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Let us reuse examples from Daily scala :

type PF = PartialFunction[Int,Int]

val pf1 : PF = {case 1 => 2}                      

val pf2 : PF = {case 2 => 3}                      

and let us add:

val pf3 : PF = {case 3 => 4}

andThen works as expected here:

pf1 andThen pf2 isDefinedAt(x)

returns true iff x == 1 (actually, pf2 does not need to be a PartialFunction at all)

However, I expected that:

pf1 andThen pf3 isDefinedAt(x)

would return false for all x (i.e., iff pf1 is defined, check for pf3), but it does not and only validates pf1.

In the end, pf1 andThen pf3 lift(x) always result in a MatchError. I would prefer to get None… I can obtain this behavior by lifting each function such as in pf1.lift(x).flatMap(pf3.lift) but is there any easier way using pure PartialFunction API? (and without lifting each partial function individually?)

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up vote 10 down vote accepted

If you look at andThen:

def andThen[C](k: (B) => C): PartialFunction[A, C]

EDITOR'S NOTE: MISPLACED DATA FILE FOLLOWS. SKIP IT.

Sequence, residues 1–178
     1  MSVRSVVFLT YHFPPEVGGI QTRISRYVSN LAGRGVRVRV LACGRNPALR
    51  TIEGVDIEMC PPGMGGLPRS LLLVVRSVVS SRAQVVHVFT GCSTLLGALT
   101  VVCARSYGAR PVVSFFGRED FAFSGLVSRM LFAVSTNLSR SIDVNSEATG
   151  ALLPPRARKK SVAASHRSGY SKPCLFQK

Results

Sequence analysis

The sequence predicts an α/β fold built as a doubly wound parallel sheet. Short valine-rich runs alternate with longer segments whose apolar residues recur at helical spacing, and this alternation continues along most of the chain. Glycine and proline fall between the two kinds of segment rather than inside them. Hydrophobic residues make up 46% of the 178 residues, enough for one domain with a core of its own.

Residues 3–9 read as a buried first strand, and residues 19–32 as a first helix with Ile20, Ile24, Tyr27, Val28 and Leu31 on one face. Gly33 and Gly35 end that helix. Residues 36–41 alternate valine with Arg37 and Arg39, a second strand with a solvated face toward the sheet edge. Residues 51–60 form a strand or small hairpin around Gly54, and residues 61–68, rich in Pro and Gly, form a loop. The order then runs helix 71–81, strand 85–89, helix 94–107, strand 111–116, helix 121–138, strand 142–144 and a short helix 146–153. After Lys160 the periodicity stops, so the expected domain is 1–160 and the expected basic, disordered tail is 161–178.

This composes the receiver with a function and not a partial function. That is, k is expected to be fully defined, it doesn't have isDefinedAt. Therefore, the resulting partial function does not need to alter the behaviour of isDefinedAt, it will still just has to consult the first partial function.

You could write your own extension that composes two partial functions:

implicit class ComposePartial[A, B](pf: PartialFunction[A, B]) {
  def collect[C](that: PartialFunction[B, C]): PartialFunction[A, C] =
    new PartialFunction[A, C] {
      def apply(a: A): C = that(pf(a))
      def isDefinedAt(a: A) = pf.isDefinedAt(a) && {
        val b = pf(a)
        that.isDefinedAt(b)
      }
    }
}

pf1 collect pf2 isDefinedAt(1)  // true
pf1 collect pf3 isDefinedAt(1)  // false

The problem is that you have to invoke pf(a), so given that Scala doesn't enforce purity, you may end up executing side effects unwantedly.

share|improve this answer
    
I try this, but all apply and isDefinedAt colled twice. – andrey.ladniy Apr 11 '15 at 17:29

You need the equivalent of flatMap for PartialFunctions.

implicit class CollectPartial[A, B](f: PartialFunction[A, B]) {
    def collect[C](g: PartialFunction[B, C]) = Function.unlift { a: A =>
        f.lift(a).flatMap(g.lift)
    }
}

Use it like

val a: PartialFunction[String, Int] = ...
val b: PartialFunction[Int, Char] = ...
val c: PartialFunction[String, Char] = a collect b

This works as expected even with side-effects.

share|improve this answer

Why not simply :

def compose[A,B,C](f: PartialFunction[A, B], g: PartialFunction[B, C]) : PartialFunction[A, C] =
Function.unlift(f.andThen(g.lift))
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